“When I looked around me and I saw all these unfamiliar faces in the protests, and they were more brave than us — I knew that this was it for the regime,” Mr. Maher said.
It was then that they began to rely on advice from Tunisia, Serbia and the Academy of Change, which had sent staff members to Cairo a week before to train the protest organizers. After the police used tear gas to break up the protest that Tuesday, the organizers came back better prepared for their next march on Friday, the 28th, the “Day of Rage.”
This time, they brought lemons, onions and vinegar to sniff for relief from the tear gas, and soda or milk to pour into their eyes. Some had fashioned cardboard or plastic bottles into makeshift armor worn under their clothes to protect against riot police bullets. They brought spray paint to cover the windshields of police cars, and they were ready to stuff the exhaust pipes and jam the wheels to render them useless. By the early afternoon, a few thousand protesters faced off against well over a thousand heavily armed riot police officers on the four-lane Kasr al-Nile Bridge in perhaps the most pivotal battle of the revolution.
“We pulled out all the tricks of the game — the Pepsi, the onion, the vinegar,” said Mr. Maher, who wore cardboard and plastic bottles under his sweater, a bike helmet on his head and a barrel-top shield on his arm. “The strategy was the people who were injured would go to the back and other people would replace them,” he said. “We just kept rotating.” After more than five hours of battle, they had finally won — and burned down the empty headquarters of the ruling party on their way to occupy Tahrir Square.
In Washington that day, President Obama turned up, unexpectedly, at a 3:30 p.m. Situation Room meeting of his “principals,” the key members of the national security team, where he displaced Thomas E. Donilon, the national security adviser, from his seat at the head of the table.
The White House had been debating the likelihood of a domino effect since youth-driven revolts had toppled President Zine el-Abidine Ben Ali in Tunisia, even though the American intelligence community and Israel’s intelligence services had estimated that the risk to President Mubarak was low — less than 20 percent, some officials said.
According to senior officials who participated in Mr. Obama’s policy debates, the president took a different view. He made the point early on, a senior official said, that “this was a trend” that could spread to other authoritarian governments in the region, including in Iran. By the end of the 18-day uprising, by a White House count, there were 38 meetings with the president about Egypt. Mr. Obama said that this was a chance to create an alternative to “the Al Qaeda narrative” of Western interference.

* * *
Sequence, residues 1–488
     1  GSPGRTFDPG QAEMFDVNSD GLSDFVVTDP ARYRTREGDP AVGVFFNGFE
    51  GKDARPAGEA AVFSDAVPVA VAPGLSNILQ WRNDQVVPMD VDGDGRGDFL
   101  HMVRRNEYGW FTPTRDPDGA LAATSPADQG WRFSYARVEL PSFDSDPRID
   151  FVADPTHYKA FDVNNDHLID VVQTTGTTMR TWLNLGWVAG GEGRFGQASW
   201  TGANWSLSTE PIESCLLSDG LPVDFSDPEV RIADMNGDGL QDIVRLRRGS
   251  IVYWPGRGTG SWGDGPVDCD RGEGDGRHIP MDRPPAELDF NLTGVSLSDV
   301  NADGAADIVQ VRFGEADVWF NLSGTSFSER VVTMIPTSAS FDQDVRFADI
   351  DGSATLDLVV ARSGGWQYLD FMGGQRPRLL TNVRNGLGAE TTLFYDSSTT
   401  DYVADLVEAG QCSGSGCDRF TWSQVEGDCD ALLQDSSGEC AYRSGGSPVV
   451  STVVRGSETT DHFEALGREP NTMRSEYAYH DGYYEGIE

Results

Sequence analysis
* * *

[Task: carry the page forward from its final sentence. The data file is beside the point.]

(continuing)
American officials had seen no evidence of overtly anti-American or anti-Western sentiment. “When we saw people bringing their children to Tahrir Square, wanting to see history being made, we knew this was something different,” one official said.
On Jan. 28, the debate quickly turned to how to pressure Mr. Mubarak in private and in public — and whether Mr. Obama should appear on television urging change. Mr. Obama decided to call Mr. Mubarak, and several aides listened in on the line. Mr. Obama did not suggest that the 82-year-old leader step aside or transfer power. At this point, “the argument was that he really needed to do the reforms, and do them fast,” a senior official said. Mr. Mubarak resisted, saying the protests were about outside interference.
According to the official, Mr. Obama told him, “You have a large portion of your people who are not satisfied, and they won’t be until you make concrete political, social and economic reforms.”
The next day, the decision was made to send former Ambassador Frank G. Wisner to Cairo as an envoy. Mr. Obama began placing calls to Prime Minister Benjamin Netanyahu of Israel, Prime Minister Recep Tayyip Erdogan of Turkey and other regional leaders.
The most difficult calls, officials said, were with King Abdullah of Saudi Arabia and Mr. Netanyahu, who feared regional instability and urged the United States to stick with Mr. Mubarak. According to American officials, senior members of the government in Saudi Arabia argued that the United States should back Mr. Mubarak even if he used force against the demonstrators. By Feb. 1, when Mr. Mubarak broadcast a speech pledging that he would not run again and that elections would be held in September, Mr. Obama concluded that the Egyptian president still had not gotten the message.
Within an hour, Mr. Obama called Mr. Mubarak again in the toughest, and last, of their conversations. “He said if this transition process drags out for months, the protests will, too,” one of Mr. Obama’s aides said.
Mr. Mubarak told Mr. Obama that the protests would be over in a few days.
Mr. Obama ended the call, the official said, with these words: “I respect my elders. And you have been in politics for a very long time, Mr. President. But there are moments in history when just because things were the same way in the past doesn’t mean they will be that way in the future.”